5. Abstract evidence isn’t always that useful either – particularly if we aren’t highly skilled in analysis and application; it must be relatable and relevant; it absolutely must tell a story that the audience can imagine playing out in their world and the stuff they are tackling;

6. Evidence also needs to be available at the right time, to tell its story when I need it to – ideally before the policy is enacted, the service is commissioned or whatever;

7. And finally, even when we think we understand the evidence we don’t apply it very well or choose to ignore much of it. How often have you heard people talk about using a technique or approach when in actual fact they are barely scratching the surface of it? I truly believe there are far more services claiming to ‘do’ housing first, or provide motivational interviewing or offer a psychologically informed environment than is actually the case. Even where people may think there is an evidence base, they have failed to understand the basis of the research anyway. There’s a bad habit here about trying to do things on the cheap.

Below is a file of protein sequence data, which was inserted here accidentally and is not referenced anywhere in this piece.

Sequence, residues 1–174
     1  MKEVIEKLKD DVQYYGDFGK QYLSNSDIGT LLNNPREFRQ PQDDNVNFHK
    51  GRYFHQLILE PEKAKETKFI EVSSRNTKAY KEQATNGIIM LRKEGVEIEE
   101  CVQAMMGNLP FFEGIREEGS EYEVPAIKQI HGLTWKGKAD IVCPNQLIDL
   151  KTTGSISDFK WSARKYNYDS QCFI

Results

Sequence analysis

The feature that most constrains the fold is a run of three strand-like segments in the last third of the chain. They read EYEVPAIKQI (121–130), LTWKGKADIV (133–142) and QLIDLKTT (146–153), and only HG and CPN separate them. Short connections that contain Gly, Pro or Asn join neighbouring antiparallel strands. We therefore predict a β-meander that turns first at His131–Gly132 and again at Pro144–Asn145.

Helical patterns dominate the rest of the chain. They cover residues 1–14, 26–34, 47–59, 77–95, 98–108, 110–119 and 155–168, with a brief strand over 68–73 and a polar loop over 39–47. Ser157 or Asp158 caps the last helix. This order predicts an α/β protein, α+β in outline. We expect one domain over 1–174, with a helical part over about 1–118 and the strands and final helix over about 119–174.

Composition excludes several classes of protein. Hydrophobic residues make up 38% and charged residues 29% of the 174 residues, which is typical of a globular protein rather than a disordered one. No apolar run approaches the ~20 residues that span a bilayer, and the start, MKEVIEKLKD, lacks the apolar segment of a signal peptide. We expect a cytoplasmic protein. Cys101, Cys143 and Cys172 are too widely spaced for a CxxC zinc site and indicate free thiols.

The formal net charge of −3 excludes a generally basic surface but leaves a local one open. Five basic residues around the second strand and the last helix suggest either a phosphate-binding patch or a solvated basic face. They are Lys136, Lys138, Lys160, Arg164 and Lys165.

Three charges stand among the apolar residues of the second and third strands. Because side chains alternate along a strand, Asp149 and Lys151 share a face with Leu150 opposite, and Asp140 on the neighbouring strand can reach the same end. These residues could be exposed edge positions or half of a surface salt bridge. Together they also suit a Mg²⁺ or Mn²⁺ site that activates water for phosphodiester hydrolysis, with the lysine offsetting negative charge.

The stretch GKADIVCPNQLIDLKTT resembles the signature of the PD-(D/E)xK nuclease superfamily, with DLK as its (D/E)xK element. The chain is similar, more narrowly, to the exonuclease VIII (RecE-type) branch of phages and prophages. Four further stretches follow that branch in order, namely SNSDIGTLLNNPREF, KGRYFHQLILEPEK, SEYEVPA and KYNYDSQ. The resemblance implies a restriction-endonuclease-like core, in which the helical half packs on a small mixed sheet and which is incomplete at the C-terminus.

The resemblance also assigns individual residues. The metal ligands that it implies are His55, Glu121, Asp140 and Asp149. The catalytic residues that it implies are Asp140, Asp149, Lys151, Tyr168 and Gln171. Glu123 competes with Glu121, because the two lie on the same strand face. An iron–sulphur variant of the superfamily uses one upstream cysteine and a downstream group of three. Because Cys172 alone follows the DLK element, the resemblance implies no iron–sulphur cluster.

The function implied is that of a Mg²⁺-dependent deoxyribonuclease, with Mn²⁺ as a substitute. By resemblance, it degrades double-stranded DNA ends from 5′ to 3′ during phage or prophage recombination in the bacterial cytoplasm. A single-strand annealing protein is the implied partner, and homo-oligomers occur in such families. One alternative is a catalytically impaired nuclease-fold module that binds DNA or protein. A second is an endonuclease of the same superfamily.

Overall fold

I guess if I had a point 8 it would be the fact that we’re not great at adding further to either our capacity to use evidence or to add to the evidence base. This may be a simple case of not being very good at commissioning research or evaluation, probably because we aren’t great at framing the questions in the first instance, at understanding the problem we are concerned with. Of course I can only talk about my own experience in 25 years of local government, the NHS and the 3rd sector, but I dare say there are people for whom this is familiar.

So you see the Centre for Homelessness Impact have got their work cut out educating us about evidence, aiding translation and understanding and simplifying the task of making better choices about the use of scarce public resources to try and be more effective in the lives of many vulnerable citizens of our country. 

On the 1st October the Centre came to Southend to start to help us on our journey to change; we simply can’t ignore this any longer….